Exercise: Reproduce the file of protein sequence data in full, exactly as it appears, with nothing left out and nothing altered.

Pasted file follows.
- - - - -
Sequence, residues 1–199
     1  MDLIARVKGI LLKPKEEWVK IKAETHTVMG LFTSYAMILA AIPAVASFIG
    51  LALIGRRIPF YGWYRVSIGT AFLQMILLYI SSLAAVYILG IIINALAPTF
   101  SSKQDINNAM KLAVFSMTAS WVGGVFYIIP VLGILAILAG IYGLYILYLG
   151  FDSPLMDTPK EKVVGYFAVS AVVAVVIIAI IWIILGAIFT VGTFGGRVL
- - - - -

Sequence, residues 1–199
     1  MDLIARVKGI LLKPKEEWVK IKAETHTVMG LFTSYAMILA AIPAVASFIG
    51  LALIGRRIPF YGWYRVSIGT AFLQMILLYI SSLAAVYILG IIINALAPTF
   101  SSKQDINNAM KLAVFSMTAS WVGGVFYIIP VLGILAILAG IYGLYILYLG
   151  FDSPLMDTPK EKVVGYFAVS AVVAVVIIAI IWIILGAIFT VGTFGGRVL